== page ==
Hoping for a rail revival in Baltimore

By: Joe Nathanson April 29, 2021

One of my earliest childhood memories is that of being lost … in New York City’s Pennsylvania Station. It was only a brief time that my four-year-old self was separated from my mother, but I certainly felt then and remember today the vastness of that space. And then, in 1963, that magnificent train station was gone.

Penn Station of Yesteryear

Marilyn Jordan Taylor is a past dean of the University of Pennsylvania’s School of Design. As a practicing architect and partner at Skidmore, Owings & Merrill, she led the SOM design team in preparing new concepts for rail stations along the Northeast Corridor. This is how she describes the demolished New York landmark.

“I never saw the late, great Pennsylvania Station. It opened in 1913 and was demolished in 1963. The original ticketing hall was styled after the classical Baths of Caracalla in Rome, while the train hall was a soaring space of steel and glass, filled with daylight that guided passengers to the train platforms (70’ below grade) where they boarded their long-distance trains. It was heroic. It really was heroic.”

The demolition of Penn Station, designed by the storied firm of McKim, Mead and White horrified those in New York who wanted to preserve the city’s architectural heritage.  Adding insult to injury was the cramped and dingy replacement station buried under Madison Square Garden.

Moynihan Train Hall

The outcry following what some saw as desecration led to the passage of New York City’s Landmarks Preservation Law in 1965.  But, starting in the 1990s, there were calls for something better to serve as a prominent gateway to the city. One of those who championed the creation of a new station was the late U.S. Senator Daniel Patrick Moynihan. His vision was to turn the adjacent James A. Farley Post Office, designed in the same grand Beaux-Arts style as the old, demolished station, into a new intercity rail and local transit hub.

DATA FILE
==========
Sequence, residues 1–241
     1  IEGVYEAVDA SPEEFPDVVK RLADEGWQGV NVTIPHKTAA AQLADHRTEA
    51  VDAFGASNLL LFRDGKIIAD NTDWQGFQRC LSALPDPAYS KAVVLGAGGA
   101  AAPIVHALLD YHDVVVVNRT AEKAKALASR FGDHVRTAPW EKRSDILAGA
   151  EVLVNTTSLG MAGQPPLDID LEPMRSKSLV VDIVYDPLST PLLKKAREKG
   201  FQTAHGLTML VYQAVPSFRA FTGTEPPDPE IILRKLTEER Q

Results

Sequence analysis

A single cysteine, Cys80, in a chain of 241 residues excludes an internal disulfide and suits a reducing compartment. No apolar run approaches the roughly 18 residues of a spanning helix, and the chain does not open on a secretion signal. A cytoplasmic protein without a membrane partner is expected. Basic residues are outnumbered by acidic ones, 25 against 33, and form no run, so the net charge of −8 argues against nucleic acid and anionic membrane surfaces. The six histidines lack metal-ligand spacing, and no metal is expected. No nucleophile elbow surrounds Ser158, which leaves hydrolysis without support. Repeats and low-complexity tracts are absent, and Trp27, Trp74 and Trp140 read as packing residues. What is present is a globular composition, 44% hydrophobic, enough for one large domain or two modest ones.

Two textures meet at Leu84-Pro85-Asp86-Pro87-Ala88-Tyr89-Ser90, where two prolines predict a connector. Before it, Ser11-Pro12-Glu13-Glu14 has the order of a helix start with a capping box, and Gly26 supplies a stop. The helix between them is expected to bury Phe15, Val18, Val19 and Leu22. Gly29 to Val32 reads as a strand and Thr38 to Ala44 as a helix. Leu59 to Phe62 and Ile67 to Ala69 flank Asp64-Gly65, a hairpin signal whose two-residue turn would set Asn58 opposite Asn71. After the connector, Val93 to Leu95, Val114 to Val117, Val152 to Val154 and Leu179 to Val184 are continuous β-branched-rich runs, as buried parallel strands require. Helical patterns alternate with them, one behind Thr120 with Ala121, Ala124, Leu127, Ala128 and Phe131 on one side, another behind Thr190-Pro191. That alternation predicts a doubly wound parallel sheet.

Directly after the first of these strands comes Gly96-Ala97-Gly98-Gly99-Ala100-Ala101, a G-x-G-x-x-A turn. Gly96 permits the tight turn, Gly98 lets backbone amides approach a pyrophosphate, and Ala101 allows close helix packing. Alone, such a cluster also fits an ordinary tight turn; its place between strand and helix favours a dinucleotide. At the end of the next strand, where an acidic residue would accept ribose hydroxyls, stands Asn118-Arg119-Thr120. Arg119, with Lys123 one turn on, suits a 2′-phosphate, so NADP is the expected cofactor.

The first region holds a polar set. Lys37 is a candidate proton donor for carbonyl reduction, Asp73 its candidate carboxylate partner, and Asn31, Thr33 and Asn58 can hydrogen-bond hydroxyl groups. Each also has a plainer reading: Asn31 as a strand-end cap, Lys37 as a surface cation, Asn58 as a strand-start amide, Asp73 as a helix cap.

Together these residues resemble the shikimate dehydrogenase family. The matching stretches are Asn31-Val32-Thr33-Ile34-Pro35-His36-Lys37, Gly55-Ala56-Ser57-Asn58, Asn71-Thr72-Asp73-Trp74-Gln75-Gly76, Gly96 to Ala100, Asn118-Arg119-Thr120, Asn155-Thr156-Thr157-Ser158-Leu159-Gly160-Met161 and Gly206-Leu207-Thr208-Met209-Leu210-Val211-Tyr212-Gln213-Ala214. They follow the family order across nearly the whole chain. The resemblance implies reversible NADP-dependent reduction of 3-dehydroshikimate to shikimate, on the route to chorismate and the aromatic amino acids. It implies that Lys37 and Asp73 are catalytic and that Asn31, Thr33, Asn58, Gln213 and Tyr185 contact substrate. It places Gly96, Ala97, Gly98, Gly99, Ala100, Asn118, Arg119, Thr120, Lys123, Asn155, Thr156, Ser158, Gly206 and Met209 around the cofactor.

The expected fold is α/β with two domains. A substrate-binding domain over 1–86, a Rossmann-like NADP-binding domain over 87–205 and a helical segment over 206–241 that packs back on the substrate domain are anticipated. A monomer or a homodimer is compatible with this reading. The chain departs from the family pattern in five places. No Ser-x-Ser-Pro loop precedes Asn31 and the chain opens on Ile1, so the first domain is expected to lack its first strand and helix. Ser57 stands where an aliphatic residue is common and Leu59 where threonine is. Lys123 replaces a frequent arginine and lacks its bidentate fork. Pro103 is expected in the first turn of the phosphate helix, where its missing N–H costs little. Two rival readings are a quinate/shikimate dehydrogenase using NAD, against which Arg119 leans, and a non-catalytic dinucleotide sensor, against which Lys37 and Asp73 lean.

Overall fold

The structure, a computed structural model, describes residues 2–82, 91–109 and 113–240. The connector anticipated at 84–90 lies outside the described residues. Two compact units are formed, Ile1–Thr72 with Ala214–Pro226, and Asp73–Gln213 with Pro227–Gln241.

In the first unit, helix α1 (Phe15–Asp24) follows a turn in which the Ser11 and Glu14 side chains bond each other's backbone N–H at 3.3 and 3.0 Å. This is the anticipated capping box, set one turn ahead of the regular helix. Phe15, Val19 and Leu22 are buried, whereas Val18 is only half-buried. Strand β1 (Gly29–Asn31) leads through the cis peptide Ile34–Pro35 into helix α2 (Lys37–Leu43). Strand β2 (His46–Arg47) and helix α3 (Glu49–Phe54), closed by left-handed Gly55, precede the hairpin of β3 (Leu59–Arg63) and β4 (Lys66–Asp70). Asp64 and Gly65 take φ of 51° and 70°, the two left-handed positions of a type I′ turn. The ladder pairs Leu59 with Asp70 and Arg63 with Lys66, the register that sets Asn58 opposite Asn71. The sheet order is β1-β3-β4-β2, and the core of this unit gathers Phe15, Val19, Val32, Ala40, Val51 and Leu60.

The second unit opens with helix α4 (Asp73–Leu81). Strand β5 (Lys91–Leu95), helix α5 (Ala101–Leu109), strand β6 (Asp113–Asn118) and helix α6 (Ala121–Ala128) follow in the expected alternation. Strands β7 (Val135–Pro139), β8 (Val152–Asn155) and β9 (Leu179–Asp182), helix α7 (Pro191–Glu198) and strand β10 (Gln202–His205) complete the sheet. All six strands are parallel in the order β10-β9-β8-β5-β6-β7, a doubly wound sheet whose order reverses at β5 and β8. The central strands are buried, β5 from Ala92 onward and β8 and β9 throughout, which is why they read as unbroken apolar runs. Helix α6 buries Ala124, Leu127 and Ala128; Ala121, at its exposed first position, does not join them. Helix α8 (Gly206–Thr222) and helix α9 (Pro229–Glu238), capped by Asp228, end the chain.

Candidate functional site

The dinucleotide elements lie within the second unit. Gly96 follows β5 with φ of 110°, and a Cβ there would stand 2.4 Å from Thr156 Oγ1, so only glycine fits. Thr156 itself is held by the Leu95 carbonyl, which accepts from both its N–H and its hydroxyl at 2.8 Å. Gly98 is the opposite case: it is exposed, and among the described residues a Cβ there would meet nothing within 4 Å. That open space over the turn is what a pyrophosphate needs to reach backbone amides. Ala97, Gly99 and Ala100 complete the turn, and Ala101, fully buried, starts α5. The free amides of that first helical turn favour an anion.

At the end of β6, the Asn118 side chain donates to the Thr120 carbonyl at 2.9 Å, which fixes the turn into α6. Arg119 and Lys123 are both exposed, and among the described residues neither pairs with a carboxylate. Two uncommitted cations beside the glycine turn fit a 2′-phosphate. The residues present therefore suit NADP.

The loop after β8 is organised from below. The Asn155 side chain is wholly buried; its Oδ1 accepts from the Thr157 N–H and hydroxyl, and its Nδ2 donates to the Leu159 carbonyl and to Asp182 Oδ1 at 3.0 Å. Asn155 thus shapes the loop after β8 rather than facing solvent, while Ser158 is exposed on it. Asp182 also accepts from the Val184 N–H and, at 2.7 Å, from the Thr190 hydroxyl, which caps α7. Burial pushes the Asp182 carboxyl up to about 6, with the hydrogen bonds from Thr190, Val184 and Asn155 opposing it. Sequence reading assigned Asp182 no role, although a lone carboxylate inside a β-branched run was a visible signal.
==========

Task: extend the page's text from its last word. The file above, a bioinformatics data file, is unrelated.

After nearly three decades, that vision has been realized. In January, a new, nearly half-million square foot concourse, along with a waiting area, retail stores and eateries serving Amtrak and Long Island Rail Road commuters opened to the public. The new grand space is named in honor of the senator.

The $1.6 billion Moynihan Train Hall, featuring a 92-foot high skylit atrium, provides a fitting entryway to America’s largest metropolis. “Dad always said the greatest single act of vandalism in the history of New York was the destruction of Penn Station in 1963,” commented his daughter Maura Moynihan on seeing the new facility. “This is really a miracle.”

Revival in Baltimore

Is it possible that another miracle will occur right here in Baltimore?

Plans are underway for the redevelopment of our own Penn Station, the eighth busiest in the Amtrak system.  The last time there were renovations to the station was nearly four decades ago. Now Amtrak, the owner of the station and some adjoining land parcels, has selected Penn Station Partners (PSP), a consortium of developers led by Beatty Development Group, to bring about a transformation of the station and the larger site.

Looking not to the near-term, post-pandemic recovery of rail travel, but to the anticipated increased passenger volumes through 2040 and beyond, the PSP team has a bold vision guiding the project. The initial phase calls for full historic preservation of the station building, including making vital core and shell improvements and improving its operational efficiency.

A subsequent phase will provide, across the tracks from the existing station, a state-of-the-art station expansion, connected to the historic building and accommodating to the future. With the expansion of Acela service, there will also be the construction of a high-speed rail platform.

At the north end of the development is the proposed eight-story, mixed-use Lanvale building, providing both street-level commercial space and residential units.  The overall redevelopment project is located at a point that connects Baltimore’s cultural center and educational institutions, including the Myerhoff Symphony Hall, the Lyric. Maryland Institute College of Art and the University of Baltimore, to the Station North Arts and Entertainment District and the residential neighborhoods to the north. The planned Penn Station transformation promises to bring a new vibrancy to this uptown Baltimore location.

Work on the initial phase of the project is expected to begin this summer. As we look toward the further opening of the economy and the expansion of travel, perhaps we will be able to count this as more than a minor miracle. 

Click here for a PDF of this article.


Joe Nathanson is the principal of Urban Information Associates, a Baltimore-based economic and community development consulting firm. He writes a monthly column for The Daily Record and can be contacted at urbaninfo@comcast.net.